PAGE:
Use as you would any lip balm.
Shelf Life & Storage
Because this lip balm is 100% oil-based, it does not require a broad-spectrum preservative (broad spectrum preservatives ward off microbial growth, and microbes require water to live—no water, no microbes!). Kept reasonably cool and dry, they should last at least a year before any of the oils go rancid. If you notice they start to smell like old nuts or crayons, that’s a sign that the oils have begun to oxidize; chuck them out and make a fresh batch if that happens.
As always, be aware that making substitutions will change the final product. While these swaps won’t break the recipe, you will get a different final product than I did.
- As I’ve provided this recipe in percentages as well as grams you can easily calculate it to any size using a simple spreadsheet as I’ve explained in this post. As written in grams this recipe will make 50g, or about 11–12 standard tubes.
- To learn more about the ingredients used in this recipe, including why they’re included and what you can substitute them with, please visit the Humblebee & Me Encyclopedia. It doesn’t have everything in it yet, but there’s lots of good information there! If I have not given a specific substitution suggestion in this list please look up the ingredient in the encyclopedia before asking.
- If you wish to substitute the beeswax you’ll need to re-develop the recipe to ensure you get the end consistency you’re going for. Check out these experiments for some starting points.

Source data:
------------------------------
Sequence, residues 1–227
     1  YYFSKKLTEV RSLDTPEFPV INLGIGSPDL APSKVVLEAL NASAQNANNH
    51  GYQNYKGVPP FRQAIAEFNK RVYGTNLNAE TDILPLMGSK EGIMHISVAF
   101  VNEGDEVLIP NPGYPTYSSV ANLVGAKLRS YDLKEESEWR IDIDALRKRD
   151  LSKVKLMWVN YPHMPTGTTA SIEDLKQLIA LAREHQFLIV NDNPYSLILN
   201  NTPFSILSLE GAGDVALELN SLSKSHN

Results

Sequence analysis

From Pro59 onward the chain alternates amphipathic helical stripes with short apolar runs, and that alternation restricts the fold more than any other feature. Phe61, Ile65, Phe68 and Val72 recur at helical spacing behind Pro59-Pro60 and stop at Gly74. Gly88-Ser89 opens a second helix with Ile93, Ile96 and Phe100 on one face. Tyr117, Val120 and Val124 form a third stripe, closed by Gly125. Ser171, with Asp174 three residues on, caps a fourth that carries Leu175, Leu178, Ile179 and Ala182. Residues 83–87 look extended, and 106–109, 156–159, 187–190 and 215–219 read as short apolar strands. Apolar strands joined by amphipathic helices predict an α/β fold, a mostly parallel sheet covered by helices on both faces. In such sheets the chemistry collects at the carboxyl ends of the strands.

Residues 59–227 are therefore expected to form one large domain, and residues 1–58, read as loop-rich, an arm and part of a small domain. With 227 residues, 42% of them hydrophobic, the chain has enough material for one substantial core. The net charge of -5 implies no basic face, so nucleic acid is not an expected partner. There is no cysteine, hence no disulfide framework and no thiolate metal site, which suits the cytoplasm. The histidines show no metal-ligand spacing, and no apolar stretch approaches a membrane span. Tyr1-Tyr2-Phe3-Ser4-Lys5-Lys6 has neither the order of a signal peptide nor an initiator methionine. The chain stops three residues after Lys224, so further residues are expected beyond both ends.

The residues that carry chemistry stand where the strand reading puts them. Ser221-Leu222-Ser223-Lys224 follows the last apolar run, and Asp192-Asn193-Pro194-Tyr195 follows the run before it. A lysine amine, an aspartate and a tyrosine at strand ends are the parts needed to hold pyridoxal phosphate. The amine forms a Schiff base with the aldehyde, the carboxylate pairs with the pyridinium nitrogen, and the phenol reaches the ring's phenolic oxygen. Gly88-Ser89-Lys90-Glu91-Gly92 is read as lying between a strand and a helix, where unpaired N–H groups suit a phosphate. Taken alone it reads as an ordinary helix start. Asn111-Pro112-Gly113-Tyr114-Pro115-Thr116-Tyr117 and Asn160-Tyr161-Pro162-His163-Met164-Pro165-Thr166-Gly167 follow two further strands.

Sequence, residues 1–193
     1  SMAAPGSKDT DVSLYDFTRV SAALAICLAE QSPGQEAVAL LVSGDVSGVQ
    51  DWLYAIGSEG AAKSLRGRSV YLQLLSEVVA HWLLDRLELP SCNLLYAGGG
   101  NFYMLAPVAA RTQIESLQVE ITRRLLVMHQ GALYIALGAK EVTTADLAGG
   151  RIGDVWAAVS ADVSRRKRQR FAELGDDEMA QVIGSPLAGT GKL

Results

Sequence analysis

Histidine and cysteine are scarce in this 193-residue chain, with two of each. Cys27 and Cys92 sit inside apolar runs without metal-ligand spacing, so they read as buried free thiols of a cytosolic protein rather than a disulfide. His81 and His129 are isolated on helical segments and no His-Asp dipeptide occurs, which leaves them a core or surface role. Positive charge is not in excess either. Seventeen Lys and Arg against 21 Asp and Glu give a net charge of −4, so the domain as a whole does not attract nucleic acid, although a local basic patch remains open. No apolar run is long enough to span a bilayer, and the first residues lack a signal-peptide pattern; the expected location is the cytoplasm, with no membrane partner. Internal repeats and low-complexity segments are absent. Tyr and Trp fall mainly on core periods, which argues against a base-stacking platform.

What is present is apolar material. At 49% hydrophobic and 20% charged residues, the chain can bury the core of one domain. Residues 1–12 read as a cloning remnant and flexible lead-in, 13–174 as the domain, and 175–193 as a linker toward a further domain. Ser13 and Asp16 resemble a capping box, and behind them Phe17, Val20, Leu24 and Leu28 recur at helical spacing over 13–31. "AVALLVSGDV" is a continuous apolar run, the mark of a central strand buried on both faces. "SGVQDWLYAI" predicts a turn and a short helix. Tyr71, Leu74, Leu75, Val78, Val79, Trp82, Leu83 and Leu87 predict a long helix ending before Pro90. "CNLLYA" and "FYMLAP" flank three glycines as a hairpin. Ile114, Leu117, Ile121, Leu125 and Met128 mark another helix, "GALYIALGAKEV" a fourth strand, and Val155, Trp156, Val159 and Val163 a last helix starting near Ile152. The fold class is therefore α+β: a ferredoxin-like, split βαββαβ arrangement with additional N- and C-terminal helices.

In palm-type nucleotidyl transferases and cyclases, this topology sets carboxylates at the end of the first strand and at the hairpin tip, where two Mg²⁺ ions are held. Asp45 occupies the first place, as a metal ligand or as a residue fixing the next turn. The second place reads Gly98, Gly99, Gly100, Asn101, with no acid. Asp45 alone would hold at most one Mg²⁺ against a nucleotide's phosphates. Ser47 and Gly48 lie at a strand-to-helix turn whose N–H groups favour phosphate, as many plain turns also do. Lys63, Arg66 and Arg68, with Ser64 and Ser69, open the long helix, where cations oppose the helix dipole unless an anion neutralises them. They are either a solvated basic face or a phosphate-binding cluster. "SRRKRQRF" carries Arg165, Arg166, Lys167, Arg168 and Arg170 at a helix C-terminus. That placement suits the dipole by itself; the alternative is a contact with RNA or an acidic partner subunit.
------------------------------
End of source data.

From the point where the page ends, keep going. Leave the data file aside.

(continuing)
- You can use refined coconut oil instead of babassu oil.
- You can use tucuma butter instead of cocoa butter.
- You could use unrefined coconut oil and/or cocoa butter, but the scents of those ingredients will impact the scent of the final product.
- I don’t recommend substituting out the cranberry seed oil (click that link to go to the encyclopedia article for my first list of suggestions), but if you have to I would choose something special that is lightweight and will pair well with whatever scent you’re using—plum oil could work well!
- The carmine dye is optional. At 8% it is quite dark in the tube and leaves a light tint on the lips.
- For a stronger tint, you can try increasing the carmine dye (12–16% would be where I’d start), reducing the cranberry seed oil to make room for it.
- To remove the colour, you can replace the liquid dye with more cranberry seed oil.
- If you have powdered carmine I would add 4% carmine to the heated phase and increase the liquid oil by 4%. Make sure you very thoroughly blend the carmine into the oil base with a silicone spatula before adding the cool down phase ingredients and pouring the lip balm into tubes.
- You could try the same powdered swap with a lake dye or red iron oxide, though red iron oxide is a much muddier, browner red tone.
- Do not use powdered botanicals like beetroot powder or powdered rosehip extract; they will create an awful, gritty lip balm.
- You can use a different colour of mica—red, silver, bronze, and copper would all be lovely! If you wanted to drop the carmine you can get a bit of colour in the tube (but not on the skin) using just mica.
- You could also use orange wax instead of orange essential oil.